Effect of Sitagliptin therapy on postprandial lipoprotein levels in patients with type 2 diabetes

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AJ Tremblay, B Lamarche, Carolyn F. Deacon, SJ Weisnagel, P Couture

Aim: Recent studies indicate that type 2 diabetes is associated with an increased secretion of both hepatic and intestinal lipoproteins, leading
to the accumulation of atherogenic triglyceride (TG)-rich lipoproteins. Sitagliptin is a selective inhibitor of dipeptidyl peptidase-4 that has been
shown to reduce fasting and postprandial glucose levels in patients with type 2 diabetes presumably through incretin hormone-mediated
improvements in islet function. The objective of the present study is to examine the effects of treatment with sitagliptin on postprandial lipid
and incretin hormone levels as well as glucose homeostasis in patients with type 2 diabetes.
Methods: Thirty-six subjects with type 2 diabetes (30 men/6 postmenopausal women with a mean age of 58.1 ± 6.4 years and a body
mass index of 30.7 ± 4.9 kg/m2) were recruited in this double-blind cross-over study using sitagliptin 100 mg/day or placebo for a 6-week
period each, with a 4-week washout period between the two phases. At the end of each phase of treatment, patients underwent an oral lipid
tolerance test providing 35 g of fat per m2 of body surface area and blood samples were taken over an 8-h period.
Results: Sitagliptin therapy significantly decreased the postprandial area under the curves (AUCs) for plasma apolipoprotein (apo)B (-5.1%,
p = 0.002), apoB-48 (-7.8%, p = 0.03), TG (-9.4%, p = 0.006), very low-density lipoprotein (VLDL)-cholesterol (-9.3%, p = 0.001), free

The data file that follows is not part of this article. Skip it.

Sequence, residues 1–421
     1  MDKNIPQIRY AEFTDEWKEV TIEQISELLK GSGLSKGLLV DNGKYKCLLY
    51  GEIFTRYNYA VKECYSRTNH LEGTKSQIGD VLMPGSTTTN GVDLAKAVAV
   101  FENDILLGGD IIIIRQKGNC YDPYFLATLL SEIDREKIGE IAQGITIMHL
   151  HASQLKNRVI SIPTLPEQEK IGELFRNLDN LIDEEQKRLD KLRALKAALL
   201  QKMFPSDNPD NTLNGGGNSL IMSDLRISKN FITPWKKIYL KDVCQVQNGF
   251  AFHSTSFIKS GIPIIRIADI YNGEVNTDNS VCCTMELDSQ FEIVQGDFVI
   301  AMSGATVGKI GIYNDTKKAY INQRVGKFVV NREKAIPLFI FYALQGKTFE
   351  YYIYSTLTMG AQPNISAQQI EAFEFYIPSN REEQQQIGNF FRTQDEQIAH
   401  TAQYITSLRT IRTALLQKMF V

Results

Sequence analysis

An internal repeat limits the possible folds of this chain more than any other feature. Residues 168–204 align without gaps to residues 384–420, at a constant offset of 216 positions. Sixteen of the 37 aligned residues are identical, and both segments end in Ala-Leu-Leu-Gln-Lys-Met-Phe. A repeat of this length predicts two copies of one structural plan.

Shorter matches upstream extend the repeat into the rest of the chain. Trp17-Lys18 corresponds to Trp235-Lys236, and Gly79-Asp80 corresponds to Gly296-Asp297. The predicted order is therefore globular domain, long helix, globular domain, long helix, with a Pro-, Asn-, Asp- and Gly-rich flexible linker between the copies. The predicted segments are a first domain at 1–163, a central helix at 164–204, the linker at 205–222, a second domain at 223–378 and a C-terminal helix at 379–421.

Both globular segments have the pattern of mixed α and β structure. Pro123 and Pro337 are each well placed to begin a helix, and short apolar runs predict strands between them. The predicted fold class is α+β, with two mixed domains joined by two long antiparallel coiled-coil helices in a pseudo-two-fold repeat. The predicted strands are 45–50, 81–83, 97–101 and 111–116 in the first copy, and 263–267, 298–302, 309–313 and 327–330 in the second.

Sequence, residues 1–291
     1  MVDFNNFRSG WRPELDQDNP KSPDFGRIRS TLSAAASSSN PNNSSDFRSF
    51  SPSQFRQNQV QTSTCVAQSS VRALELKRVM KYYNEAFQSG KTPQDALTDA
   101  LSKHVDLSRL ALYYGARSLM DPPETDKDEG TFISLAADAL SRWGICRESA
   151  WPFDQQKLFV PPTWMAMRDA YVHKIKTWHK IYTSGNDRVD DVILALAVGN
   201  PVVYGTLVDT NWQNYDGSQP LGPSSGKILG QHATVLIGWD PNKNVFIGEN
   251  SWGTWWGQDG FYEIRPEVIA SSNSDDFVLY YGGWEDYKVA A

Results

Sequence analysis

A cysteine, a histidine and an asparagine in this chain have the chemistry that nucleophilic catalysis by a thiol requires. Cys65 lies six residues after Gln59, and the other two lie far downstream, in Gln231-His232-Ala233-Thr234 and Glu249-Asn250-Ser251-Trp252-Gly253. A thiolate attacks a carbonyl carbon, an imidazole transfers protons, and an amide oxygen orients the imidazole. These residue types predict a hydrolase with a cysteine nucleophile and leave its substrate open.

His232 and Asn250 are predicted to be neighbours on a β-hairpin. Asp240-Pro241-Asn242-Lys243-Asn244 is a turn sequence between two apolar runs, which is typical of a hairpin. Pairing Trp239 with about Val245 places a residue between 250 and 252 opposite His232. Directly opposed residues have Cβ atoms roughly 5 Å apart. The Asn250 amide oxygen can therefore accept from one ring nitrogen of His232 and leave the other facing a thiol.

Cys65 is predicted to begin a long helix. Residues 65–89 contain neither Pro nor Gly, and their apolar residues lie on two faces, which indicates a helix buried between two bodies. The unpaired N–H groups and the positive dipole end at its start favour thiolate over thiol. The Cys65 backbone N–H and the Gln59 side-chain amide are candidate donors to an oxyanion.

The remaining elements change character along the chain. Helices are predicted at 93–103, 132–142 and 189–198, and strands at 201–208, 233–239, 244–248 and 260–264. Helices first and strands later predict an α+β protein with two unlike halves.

fatty acids (FFAs) (-7.6%, p = 0.005) and glucose (-9.7%, p < 0.0001). Furthermore, the postprandial AUCs for plasma intact glucagonlike
peptide-1 (+67.8%, p < 0.0001) and glucose-dependent insulinotropic polypeptide (+67.3%, p < 0.0001) were significantly increased
following treatment with sitagliptin, whereas the AUC for plasma glucagon was reduced by -9.7% (p = 0.001) with no significant changes in
the AUCs for plasma insulin and C-peptide. Sitagliptin therapy also improved homeostasis model assessment (HOMA) index for insulin resistance
(-14.6%, p = 0.01) and ß-cell function (+32.3%, p = 0.007).
Conclusions: Treatment with sitagliptin for 6 weeks reduced postprandial plasma levels of TG-rich lipoproteins of both intestinal and hepatic
origin, most likely by increasing incretin hormone levels, reducing circulating plasma FFA concentrations and improving insulin sensitivity and
ß-cell function.
Original languageEnglish
JournalDiabetes, Obesity and Metabolism
Volume13
Issue number4
Pages (from-to)366-373
Number of pages8
ISSN1462-8902
DOIs
Publication statusPublished - Apr 2011

ID: 33725467